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Ultrashort-Pulse Laser Could Solve Dilemma of Nuclear Waste Disposal

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VILNIUS, Lithuania, Aug. 1, 2019 — Researchers in Lithuania have developed an ultrashort-pulse laser that could eradicate nuclear waste and decrease the decay period from tens of thousands of years to seconds, hours, or months, depending on the material, they said.

The Single Cycle Femtosecond high-intensity laser system (SYLOS), jointly produced by Vilnius, Lithuania-based companies Light Conversion and Ekspla, is a high-intensity, ultrashort-pulse laser that has the potential to solve the nuclear waste management problem. Scientists said the peak power of SYLOS exceeds the power of a nuclear plant by thousands of times, and that impulses of this kind can be applied both to research and to nullify the impact of nuclear waste.

Arturas Plukis, head of the Experimental Nuclear Physics Laboratory at the Center for Physical Sciences and Technology in Vilnius, said the process of producing power via nuclear energy creates radioactive nuclear waste as a by-product, which is then stored in sealed containers.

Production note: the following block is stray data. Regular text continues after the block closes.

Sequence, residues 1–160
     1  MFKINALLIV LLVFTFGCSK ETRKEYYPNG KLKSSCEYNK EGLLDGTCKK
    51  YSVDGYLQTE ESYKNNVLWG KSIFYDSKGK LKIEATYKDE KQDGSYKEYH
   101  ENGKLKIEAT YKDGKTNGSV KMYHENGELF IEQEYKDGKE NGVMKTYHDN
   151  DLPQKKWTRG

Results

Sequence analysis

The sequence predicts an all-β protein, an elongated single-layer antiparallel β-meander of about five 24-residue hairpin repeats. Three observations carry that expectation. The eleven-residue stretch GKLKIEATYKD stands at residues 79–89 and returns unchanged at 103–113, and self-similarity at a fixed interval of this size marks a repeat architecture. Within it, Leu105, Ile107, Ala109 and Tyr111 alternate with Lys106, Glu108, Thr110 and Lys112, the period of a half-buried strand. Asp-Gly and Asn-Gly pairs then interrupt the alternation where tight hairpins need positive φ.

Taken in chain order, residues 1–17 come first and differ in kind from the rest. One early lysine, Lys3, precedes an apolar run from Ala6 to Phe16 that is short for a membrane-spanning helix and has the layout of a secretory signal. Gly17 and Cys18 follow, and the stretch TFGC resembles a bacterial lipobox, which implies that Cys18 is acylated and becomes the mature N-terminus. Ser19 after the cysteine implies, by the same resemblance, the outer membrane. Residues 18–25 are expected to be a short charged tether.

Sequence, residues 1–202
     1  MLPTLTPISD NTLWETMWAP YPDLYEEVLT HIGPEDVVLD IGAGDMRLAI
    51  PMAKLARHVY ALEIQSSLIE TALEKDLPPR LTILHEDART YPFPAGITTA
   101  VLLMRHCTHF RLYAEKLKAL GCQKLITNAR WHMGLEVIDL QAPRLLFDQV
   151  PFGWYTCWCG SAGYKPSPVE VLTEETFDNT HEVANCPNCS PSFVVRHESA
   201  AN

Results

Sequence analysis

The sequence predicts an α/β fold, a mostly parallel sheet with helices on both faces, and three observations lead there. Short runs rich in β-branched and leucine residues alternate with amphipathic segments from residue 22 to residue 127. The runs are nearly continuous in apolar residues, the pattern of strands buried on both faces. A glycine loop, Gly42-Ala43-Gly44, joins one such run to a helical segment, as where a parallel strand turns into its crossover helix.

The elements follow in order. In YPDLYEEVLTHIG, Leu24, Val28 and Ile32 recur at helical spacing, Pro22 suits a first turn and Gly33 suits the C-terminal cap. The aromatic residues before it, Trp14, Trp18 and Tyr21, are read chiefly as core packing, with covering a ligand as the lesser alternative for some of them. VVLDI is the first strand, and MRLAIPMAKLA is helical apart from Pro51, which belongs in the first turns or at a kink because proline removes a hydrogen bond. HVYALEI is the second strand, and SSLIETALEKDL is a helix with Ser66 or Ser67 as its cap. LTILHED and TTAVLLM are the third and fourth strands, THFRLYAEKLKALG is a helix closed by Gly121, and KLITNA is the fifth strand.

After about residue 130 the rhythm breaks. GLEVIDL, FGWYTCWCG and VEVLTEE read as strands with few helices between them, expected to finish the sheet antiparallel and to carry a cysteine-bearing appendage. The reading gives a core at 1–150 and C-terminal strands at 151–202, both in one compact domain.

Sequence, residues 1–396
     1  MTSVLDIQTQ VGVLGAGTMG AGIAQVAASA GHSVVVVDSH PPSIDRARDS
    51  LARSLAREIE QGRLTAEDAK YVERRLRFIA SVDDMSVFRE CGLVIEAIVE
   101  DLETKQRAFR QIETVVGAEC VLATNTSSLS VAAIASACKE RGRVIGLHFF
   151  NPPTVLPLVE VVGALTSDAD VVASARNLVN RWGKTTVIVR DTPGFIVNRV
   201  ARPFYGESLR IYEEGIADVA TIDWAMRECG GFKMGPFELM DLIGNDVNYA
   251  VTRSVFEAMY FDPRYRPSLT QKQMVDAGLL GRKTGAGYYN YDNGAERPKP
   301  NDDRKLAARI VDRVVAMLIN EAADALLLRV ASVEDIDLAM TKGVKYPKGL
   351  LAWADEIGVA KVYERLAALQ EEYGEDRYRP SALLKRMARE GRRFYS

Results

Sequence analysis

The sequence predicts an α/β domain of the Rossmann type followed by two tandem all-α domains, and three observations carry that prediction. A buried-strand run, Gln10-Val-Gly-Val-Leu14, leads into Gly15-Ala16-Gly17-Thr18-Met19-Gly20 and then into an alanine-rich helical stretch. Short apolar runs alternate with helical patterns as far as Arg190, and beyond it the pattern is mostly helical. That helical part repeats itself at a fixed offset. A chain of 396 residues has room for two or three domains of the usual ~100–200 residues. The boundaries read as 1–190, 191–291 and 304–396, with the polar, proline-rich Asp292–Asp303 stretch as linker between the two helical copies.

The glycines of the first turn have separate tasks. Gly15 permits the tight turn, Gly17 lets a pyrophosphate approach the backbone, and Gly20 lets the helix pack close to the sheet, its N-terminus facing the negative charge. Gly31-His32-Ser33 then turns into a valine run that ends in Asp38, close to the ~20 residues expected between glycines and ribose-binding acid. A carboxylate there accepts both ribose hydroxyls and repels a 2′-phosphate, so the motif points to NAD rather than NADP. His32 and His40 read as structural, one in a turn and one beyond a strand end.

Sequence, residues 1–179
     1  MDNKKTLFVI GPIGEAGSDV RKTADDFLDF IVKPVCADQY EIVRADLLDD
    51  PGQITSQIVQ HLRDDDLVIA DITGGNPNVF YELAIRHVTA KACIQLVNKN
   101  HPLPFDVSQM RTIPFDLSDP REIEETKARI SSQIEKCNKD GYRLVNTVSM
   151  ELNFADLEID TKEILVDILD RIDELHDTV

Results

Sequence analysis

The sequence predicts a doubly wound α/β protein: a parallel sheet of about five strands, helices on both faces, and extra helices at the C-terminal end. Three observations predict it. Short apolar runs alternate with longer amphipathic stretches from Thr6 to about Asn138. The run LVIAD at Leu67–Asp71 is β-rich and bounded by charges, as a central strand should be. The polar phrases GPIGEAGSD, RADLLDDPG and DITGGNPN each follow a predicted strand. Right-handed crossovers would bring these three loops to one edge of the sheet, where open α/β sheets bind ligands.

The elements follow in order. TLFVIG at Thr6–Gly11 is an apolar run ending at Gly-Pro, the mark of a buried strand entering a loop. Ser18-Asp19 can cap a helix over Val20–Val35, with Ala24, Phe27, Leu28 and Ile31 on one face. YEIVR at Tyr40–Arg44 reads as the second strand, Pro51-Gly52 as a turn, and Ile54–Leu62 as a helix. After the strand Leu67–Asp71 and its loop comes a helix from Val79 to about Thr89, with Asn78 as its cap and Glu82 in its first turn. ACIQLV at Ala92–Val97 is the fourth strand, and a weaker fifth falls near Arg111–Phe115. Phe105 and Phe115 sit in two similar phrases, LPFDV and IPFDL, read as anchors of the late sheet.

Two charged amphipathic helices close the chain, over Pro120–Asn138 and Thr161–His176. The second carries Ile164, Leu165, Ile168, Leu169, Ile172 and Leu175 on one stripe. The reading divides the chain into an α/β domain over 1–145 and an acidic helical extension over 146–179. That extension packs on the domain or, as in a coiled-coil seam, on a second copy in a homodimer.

"Currently, the disposal of nuclear waste is comprised of either storing the waste in containers on above-surface level or burying them underground, depending on the decay period of the radioactive material. This method is raising safety concerns, as some of the waste is disposed not too far from densely populated areas, and highly radioactive waste has to be safely stored for up to tens of thousands of years," he said.

Ekspla officials said the initial idea that lasers of this kind could potentially solve the nuclear waste disposal problem was raised by Gérard Mourou, the 2018 recipient of the Nobel Prize in physics, who invented chirped pulse amplification, a technique later used to create ultrashort-pulse, very high-intensity laser pulses.

As promising as SYLOS is, several challenges are yet to be met before laser systems like it could be applied on an industrial scale, according to Darius Gadonas, head of the Scientific Laser Systems Division at Light Conversion. 

“We do believe that lasers like SYLOS can be adapted to solve the nuclear waste issue globally without leaving it for future generations to deal with. How soon this could be achieved will depend on the political will of governments, since lasers and infrastructure of this kind could cost up to billions of euros per unit,” Gadonas said.



Photonics.com
Jul 2019
Research & Technologylasersultra short pulse laserSingle Cycle Femtosecond high intensity laser systemSYLOS

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